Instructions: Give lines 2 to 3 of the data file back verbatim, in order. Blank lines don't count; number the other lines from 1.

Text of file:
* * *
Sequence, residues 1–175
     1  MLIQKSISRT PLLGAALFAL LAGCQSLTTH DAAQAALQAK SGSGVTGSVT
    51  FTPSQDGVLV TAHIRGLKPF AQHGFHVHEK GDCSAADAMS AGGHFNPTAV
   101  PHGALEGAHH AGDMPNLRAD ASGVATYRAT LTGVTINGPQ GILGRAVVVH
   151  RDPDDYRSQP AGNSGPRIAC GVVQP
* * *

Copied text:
     1  MLIQKSISRT PLLGAALFAL LAGCQSLTTH DAAQAALQAK SGSGVTGSVT
    51  FTPSQDGVLV TAHIRGLKPF AQHGFHVHEK GDCSAADAMS AGGHFNPTAV